By LAURIE PATTON | 6 April 2020
As we deal with COVID-19 people are being required to work from home. Students are doing their lessons online. Telehealth is becoming more common. All this will change the way we use the Internet forever.
In this article I’m focussing on a specific event which has highlighted a ‘digital divide’. But the problem goes well beyond the current situation. Access to the online world is denied to too many individuals and groups, including those living in remote areas, people with disabilities, Indigenous Australians and people from non-English speaking backgrounds.
According to NBN Co, broadband demand is “skyrocketing” but they have everything under control. OK, so they and the telcos have upped their data allowances and, for those with fast and reliable broadband, all is well. Daytime data demands have not reached the usual evening peaks so of course the system is coping.
But that’s not the point. What about the third or more of the population with inferior FTTN (old copper wire) connections?
No amount of extra capacity at the telco end will help those customers. You can’t make FTTN run faster by throwing more data at it.
What’s more, the experience of working from home has highlighted the importance of fast uploads. This is not something you get with FTTN.
Essentially, there are the lucky Australians – those who have a fast and reliable NBN connection, and the unlucky Australians – those stuck with an inferior broadband service that needs to be upgraded.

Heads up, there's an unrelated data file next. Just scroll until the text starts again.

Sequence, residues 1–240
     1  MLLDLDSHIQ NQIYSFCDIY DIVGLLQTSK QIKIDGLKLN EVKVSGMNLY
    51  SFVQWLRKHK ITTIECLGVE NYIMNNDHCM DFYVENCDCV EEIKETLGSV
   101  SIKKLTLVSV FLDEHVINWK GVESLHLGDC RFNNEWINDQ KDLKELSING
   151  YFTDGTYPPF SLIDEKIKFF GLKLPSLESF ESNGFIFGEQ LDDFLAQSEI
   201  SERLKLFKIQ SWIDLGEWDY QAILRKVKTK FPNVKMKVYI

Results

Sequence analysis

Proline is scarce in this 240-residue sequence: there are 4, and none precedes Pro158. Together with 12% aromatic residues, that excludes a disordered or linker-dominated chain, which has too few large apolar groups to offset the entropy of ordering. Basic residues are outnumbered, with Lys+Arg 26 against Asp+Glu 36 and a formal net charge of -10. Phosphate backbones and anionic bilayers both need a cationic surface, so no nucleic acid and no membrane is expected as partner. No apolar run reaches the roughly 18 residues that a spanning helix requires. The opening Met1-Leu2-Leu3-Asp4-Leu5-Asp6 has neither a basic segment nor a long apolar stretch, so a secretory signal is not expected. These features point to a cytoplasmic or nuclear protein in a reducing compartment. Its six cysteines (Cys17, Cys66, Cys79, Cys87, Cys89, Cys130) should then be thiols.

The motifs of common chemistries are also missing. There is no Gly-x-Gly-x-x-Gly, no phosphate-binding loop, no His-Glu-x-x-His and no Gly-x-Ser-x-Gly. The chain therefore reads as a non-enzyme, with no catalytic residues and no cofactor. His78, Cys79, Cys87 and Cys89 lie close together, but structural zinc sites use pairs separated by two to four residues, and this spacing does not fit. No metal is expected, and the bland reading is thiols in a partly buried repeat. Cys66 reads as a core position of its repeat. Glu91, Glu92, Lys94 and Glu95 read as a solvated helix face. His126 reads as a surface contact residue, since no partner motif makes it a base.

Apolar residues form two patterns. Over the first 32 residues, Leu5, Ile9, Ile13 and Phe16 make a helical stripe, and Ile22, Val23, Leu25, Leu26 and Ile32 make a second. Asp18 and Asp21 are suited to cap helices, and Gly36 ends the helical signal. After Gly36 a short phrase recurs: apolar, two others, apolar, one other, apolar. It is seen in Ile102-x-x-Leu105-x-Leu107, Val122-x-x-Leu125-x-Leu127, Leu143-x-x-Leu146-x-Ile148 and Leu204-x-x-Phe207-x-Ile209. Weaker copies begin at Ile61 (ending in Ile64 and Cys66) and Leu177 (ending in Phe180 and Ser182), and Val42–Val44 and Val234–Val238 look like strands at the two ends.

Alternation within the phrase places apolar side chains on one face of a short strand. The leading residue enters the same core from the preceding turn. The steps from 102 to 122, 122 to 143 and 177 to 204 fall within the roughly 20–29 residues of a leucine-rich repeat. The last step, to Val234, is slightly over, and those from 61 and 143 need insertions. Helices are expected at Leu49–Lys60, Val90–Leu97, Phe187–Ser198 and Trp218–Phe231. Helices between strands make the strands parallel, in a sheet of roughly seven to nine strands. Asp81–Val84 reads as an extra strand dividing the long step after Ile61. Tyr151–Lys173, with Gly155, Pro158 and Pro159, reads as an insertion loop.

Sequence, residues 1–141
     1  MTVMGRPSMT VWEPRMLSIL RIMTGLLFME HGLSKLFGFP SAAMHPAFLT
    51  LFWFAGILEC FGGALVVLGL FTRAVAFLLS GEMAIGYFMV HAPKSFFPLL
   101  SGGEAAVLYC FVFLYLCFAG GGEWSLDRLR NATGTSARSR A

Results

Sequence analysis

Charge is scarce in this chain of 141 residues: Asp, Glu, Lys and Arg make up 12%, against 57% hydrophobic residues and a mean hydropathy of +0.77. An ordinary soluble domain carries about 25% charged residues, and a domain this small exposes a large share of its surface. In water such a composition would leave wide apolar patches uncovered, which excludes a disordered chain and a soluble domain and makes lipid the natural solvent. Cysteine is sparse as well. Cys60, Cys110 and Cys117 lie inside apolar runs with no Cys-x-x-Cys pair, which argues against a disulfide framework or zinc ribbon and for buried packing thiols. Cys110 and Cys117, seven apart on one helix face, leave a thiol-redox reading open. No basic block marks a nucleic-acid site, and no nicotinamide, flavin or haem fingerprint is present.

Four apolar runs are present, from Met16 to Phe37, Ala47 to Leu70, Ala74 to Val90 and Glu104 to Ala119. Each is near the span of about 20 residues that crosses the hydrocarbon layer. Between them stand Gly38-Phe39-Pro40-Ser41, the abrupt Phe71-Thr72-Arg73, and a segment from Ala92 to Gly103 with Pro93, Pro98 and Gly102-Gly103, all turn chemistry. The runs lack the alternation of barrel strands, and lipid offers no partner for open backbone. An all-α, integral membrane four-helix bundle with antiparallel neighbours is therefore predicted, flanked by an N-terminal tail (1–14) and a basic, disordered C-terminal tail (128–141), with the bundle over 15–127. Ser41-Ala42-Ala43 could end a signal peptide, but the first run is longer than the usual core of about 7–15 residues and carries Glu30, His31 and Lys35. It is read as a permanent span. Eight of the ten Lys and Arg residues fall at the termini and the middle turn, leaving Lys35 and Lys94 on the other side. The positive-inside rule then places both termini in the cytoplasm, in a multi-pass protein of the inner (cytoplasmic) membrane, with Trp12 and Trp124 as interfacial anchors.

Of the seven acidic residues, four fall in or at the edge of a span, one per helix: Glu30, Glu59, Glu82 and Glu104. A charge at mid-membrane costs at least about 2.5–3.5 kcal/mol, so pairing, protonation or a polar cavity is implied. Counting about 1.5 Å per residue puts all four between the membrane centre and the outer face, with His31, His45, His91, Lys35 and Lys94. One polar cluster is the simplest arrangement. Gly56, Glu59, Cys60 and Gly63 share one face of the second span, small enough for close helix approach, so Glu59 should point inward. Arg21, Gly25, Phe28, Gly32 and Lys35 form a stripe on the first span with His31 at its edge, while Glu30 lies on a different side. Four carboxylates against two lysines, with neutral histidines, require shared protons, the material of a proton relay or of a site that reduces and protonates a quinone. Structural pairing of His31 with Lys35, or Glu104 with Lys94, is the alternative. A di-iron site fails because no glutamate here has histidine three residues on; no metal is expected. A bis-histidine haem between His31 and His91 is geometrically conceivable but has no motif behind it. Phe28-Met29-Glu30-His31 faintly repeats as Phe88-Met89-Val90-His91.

One of my principle concerns right now is about the impact on the productivity of people working from home, which will flow through to businesses and the economy.
I’m also concerned about the mental health of people battling with poor Internet connections. It’s frustrating enough when your movie buffers, but what if the system fails when you’re trying to send in an assignment or a report to the boss who has been hounding you for it all day?
Of course, for too many Australians even having access to the Internet and the skills to use it is not guaranteed.
The impact of the Coronavirus will most likely continue for quite a while and therefore so will the need for better broadband in people’s homes – and the need to ensure we do not allow the digital divide to remain.
When we emerge from this crisis the likelihood is that a good many bosses will have become so accustomed to their employees working from home this will become a permanent thing – even if it’s only a day or so a week or month.
We could even see enhanced interest in decentralisation as more employers realise they don’t need to have all their workers located in expensive CBD offices. Regional areas had already seen an increase in interest from people looking to leave our congested capital cities over the past few years.
The federal government has made a welcomed move by allowing bulk-billing for online medical and mental health consultations. There’s only so much that can be done over the phone, of course. Doctors need high-quality video for the more complex cases.